After the war, Mair’s LSE teaching was formally listed under anthropology and the title of her lectureship was changed to Applied Anthropology in 1952. In fact, Mair had indicated her desire to transfer from IRD to Anthropology before the war. During her 1937 research in North Western Tanganyika, Mair wrote to the LSE director, William Beveridge. The LSE secretary was Lucy Mair’s mother, Jessy Mair, who married William Beveridge in 1942 and became known as Janet Thomson Beveridge. The primary reason for Lucy Mair’s departure from IRD was her desire for a coherent teaching/research profile centering on her specialism, rather than any sense of a fundamental distinction between international relations and colonial administration per se.

Indeed, in the early 1930s, there was discussion of whether international relations should be combined with colonial administration in one unit at LSE with a single head of department. Malinowski’s anthropology seminars were obviously hugely influential on Mair’s work and there was no comparable intellectual leadership in IR at that time. Yet Mair’s work was certainly considered core IR. Through the 1930s, one of Anglo-American IR’s central concerns was “peaceful change” in world politics and the consequences of the difference “between have and have-not states.” The 1937 International Studies Conference in Paris focused on this theme, leading to the publication of a book edited by Charles Manning, who held LSE’s Montague Burton Chair in International Relations from 1930 until 1962. Mair was one of eight contributors, writing on “Colonial Policy and Peaceful Change” (Manning 1937).

Needless-to-say, Mair was central to the consolidation of international relations at LSE. In 1934, she wrote an internal memorandum on “International Relations as a Separate Subject”. (Mair 1934b):

In its present-day form, the study must centre round the problem of the attempt to unite in a collective system a number of communities which are highly organised politically with a view of independent action. This problem is absolutely sui generis. It cannot be understood or solved by a process of facile generalization from the history of political development within individual states.

Based on her world-leading expertise in colonial administration, Lucy Mair was a high-profile figure among both scholars and policymakers over a long period of time. She taught a large percentage of the early students of international relations in what at the time was one of its largest academic centres in the world. For good reason, she is honoured in the academic discipline – anthropology – into which she migrated for her works on Primitive Government (1962), New Nations (1963), and Anthropology and Social Change (1969). Her work is the subject of two edited volumes in anthropology (Davis 1974; Owusu 1975). But, in international relations, she remains unknown for her role in its disciplinary history or contributions to international-colonial thought (but see Owens, 2018, from which this brief sketch draws).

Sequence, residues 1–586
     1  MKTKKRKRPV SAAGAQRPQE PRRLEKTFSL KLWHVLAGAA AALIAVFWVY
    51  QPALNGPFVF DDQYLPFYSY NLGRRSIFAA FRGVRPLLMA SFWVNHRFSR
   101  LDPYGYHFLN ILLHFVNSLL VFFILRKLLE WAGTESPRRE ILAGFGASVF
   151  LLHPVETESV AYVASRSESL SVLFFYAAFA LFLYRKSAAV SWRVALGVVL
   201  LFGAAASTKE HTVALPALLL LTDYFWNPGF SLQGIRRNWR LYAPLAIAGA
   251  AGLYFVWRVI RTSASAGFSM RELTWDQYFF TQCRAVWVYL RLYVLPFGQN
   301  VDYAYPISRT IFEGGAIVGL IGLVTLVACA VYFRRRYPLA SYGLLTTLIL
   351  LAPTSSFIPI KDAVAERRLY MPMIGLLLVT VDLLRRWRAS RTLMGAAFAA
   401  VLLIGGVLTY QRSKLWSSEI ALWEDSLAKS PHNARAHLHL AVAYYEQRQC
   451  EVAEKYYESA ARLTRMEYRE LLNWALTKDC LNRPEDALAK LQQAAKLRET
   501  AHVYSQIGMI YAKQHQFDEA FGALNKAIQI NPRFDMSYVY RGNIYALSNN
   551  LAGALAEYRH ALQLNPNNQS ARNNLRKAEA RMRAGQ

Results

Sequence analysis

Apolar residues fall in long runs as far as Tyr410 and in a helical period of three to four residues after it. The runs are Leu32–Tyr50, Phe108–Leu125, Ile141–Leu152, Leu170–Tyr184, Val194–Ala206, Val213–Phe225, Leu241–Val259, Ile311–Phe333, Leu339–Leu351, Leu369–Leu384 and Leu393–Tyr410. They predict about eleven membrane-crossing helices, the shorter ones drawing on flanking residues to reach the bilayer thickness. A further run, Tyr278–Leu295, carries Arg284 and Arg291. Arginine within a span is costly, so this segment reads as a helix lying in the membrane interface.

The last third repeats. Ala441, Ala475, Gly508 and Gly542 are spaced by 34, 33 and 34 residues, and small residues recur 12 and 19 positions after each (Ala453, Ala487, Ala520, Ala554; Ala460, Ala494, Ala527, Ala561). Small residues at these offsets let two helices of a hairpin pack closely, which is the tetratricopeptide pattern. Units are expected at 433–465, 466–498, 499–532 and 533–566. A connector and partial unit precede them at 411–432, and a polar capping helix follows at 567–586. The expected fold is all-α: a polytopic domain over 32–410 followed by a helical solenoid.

Lucy Mair provides a case study of a high-profile historical woman – a prolific writer, teacher, and advisor of governments on one of the centrally important international relations questions of her day – who has been written out of disciplinary history. Her neglect is due to the widespread, but misplaced, assumption that women played little or no role in the history of IR and discomfort at including colonial administration as a branch of early international relations scholarship.


Davis, John, ed. 1974. Choice and Change: Essays in Honour of Lucy Mair. London: Athlone

Mair, Lucy, Philip. 1928. The Protection of Minorities: The Working and Scope of the Minorities Treaties Under the League of Nations. London: Christophers

Mair, Lucy, Philip. 1934a. An African People in the Twentieth Century. London. Routledge

Mair, Lucy, Philip. 1934b “International Relations as a Separate Subject.” February 20. LSE\LSE School History\Box 10 Chairs. London School of Economics Archives, London

Mair, Lucy, Philip. 1962. Primitive Government. London. Penguin

Mair, Lucy, Philip. 1963. New Nations. London. Weidenfeld & Nicolson

Mair, Lucy, Philip. 1969. Anthropology and Social Change. London. Athlone

Manning, Charles. 1937. “Peaceful Change: An International Problem.” LSE File, LNU/7/36. London School of Economics Archives, London

Murray, Gilbert. 1927. “Letter to William Beveridge.” LSE File Mair, Dr. L. P. 1927–1935 A. London School of Economics Archives, London

Owens, Patricia (2018) Women and the History of International Thought. International Studies Quarterly, doi: 10.1093/isq/sqy027

Owusu, Maxwell, ed 1975. Colonialism and Change: Essays Presented to Lucy Mair. The Hague, The Netherlands: Mouton

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About the author

Pencils on a yellow background. Photo by Joanna Kosinska on Unsplash

Professor Patricia Owens

Patricia Owens is Professor of International Relations at the University of Oxford and Director of the Leverhulme Project on Women and the History of International Thought. In 2016, she was awarded BISA's Susan Strange for the Best Book in International Studies.

Posted In: Academic life | Anthropology | Honorary Fellows | International Relations | People | Women and LSE